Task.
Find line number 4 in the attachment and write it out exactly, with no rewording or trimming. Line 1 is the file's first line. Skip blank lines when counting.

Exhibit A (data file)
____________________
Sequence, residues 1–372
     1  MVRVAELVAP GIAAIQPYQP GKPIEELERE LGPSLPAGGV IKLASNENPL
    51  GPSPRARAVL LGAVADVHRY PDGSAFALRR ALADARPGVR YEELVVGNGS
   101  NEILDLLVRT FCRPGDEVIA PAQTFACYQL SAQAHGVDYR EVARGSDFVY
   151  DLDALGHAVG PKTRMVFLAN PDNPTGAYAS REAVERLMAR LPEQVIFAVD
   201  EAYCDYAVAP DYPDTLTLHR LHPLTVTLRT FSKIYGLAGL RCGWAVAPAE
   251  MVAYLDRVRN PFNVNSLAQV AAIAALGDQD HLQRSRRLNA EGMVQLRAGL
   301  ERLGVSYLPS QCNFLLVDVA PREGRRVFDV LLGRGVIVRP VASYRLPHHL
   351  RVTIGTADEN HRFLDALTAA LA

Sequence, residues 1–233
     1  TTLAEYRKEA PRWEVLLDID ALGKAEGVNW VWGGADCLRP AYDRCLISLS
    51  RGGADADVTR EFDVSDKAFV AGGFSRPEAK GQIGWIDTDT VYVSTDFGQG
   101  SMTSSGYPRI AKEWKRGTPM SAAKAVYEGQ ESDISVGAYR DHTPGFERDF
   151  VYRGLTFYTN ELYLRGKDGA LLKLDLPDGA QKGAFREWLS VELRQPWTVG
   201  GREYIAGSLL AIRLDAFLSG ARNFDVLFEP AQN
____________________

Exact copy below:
   101  NEILDLLVRT FCRPGDEVIA PAQTFACYQL SAQAHGVDYR EVARGSDFVY